To reach my posts about the dear kittens, we must first introduce the daddy…
When we first started seeing Buttons, he was coming into the yard to have food. Every time we’d open the door, he’d run. he was very skittish, and apparently had not had good experiences with humans. He slowly learned that we were not trying to scare him away. He soon would sit on the fence and stare at us. It was a little while of gaining trust before we were able to start touching him. Slowly, as he learned that we both were providing food and meant no harm, he warmed up to us. The only thing we never mastered was being able to hold him for much time. We got to the point where we could pick him up, but we never tried holding him for long. He almost always went around with this alarmed look on his face, which is funny to see looking back at these pictures.
We’d only saw Buttons in the evening. He would jump over the fence and march around the house to the patio at six o’ clock sharp; rolling his call. He never said, “meow”. What he said was ‘Mreow’ and it was rolled, like some foreign accent. After dinner we’d go outside and pet him. He always came at six o’ clock. When it was summer, there was still light outside, so we could hang out with the cats outside. In winter, it would be dark when he arrived, but it was always six o’ clock.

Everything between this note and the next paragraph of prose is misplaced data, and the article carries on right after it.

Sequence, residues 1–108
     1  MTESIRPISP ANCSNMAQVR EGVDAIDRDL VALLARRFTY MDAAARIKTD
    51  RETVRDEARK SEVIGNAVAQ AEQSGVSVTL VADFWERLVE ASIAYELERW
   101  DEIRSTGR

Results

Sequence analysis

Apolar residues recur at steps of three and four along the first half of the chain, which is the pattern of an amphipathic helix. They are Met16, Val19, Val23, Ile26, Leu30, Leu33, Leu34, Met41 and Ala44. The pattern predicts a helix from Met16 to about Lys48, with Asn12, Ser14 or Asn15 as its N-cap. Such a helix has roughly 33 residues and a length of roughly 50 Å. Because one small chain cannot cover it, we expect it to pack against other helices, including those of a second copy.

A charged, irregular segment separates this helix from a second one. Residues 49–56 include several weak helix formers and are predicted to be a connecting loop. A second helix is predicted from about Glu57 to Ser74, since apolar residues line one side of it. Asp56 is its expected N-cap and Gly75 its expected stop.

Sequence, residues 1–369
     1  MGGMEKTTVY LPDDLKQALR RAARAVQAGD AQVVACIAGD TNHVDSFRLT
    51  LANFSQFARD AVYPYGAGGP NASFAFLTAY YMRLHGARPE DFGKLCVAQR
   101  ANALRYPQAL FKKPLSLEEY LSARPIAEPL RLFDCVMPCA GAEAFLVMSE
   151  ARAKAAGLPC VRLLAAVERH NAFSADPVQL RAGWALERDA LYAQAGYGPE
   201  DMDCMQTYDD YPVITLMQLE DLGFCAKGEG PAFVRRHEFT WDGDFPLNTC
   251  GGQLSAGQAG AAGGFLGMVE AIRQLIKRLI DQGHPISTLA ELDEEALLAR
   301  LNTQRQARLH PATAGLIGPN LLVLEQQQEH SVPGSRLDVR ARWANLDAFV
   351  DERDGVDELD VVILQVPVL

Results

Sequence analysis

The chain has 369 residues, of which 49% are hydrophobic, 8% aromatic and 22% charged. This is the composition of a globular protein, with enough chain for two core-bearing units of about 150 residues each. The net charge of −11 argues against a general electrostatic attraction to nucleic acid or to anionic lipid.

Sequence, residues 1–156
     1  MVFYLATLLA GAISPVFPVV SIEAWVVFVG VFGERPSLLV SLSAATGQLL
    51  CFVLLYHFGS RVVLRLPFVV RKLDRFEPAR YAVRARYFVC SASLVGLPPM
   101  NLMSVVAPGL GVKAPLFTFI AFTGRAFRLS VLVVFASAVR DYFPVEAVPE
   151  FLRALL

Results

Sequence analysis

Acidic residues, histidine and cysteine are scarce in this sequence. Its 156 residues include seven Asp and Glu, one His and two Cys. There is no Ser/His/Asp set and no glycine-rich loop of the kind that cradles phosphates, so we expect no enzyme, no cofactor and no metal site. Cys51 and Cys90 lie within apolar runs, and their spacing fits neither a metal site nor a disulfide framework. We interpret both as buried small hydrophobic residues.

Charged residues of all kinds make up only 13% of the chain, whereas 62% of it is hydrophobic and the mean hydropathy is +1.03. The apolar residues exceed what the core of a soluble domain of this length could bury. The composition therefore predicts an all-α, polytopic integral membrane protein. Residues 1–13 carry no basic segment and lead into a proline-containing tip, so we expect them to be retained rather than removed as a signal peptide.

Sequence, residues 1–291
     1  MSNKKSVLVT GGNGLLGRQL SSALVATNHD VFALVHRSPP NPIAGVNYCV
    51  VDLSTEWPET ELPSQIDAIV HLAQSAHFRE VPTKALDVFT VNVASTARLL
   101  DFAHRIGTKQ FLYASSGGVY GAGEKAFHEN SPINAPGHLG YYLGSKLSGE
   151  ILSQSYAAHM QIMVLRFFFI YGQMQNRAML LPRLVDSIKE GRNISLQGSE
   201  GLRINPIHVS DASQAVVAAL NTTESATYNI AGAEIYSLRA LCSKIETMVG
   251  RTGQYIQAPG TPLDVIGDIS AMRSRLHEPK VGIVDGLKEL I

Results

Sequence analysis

Buttons was never fully relaxed around us till the kittens came. As you can see in the picture, Patience is completely at ease. Although Buttons was letting me lay next to him and pet him, you can see that he is still at the alert. But he was tamer, not so skittish, and even affectionate at times.
The kittens didn’t come along for a while. Patience’s first batch of kittens (three) all died the night they were born because she hadn’t known what to do. When we found them in the morning, it was too late. I’m not sure if Buttons fathered that batch or not…but either way, they had to start all over.
Buttons was a very handsome cat; he was black and white; with black on his tail, his back, and his face. But he was always dusty or had scratches on his nose or face, so it’s easy to guess he was always fighting. We soon learned there was another cat hanging around our neighborhood. It was bigger and black all over, and it never came in the daylight (that I recall). At night we’d sometimes hear the two fighting in the backyard over the food or property rights. Dad would run out in his bathrobe carrying a flashlight and the be be gun, but I don’t think he ever nailed Noodles; that’s what we called the black bully.
This picture was taken not long before Patches and Mittens were born. He was much more used to us by then, and we were brushing, petting and touching him was ease. But, like I said, we just didn’t hold him for long. He preferred being dirty, because right after I brushed him in this picture, he went and rolled in the dirt. Very annoying. I’m 11 in the picture above.
I read a lot outside back then, so the cats would sometimes sit with me while I read. Sometimes it was annoying, but I enjoyed it most times. I laughed when I found this picture; a cat on either side of me. I wish I knew what I was reading…probably a Boxcar book….
So these are the nicest shots of the lovely little ‘courtship’ between Patience and Buttons….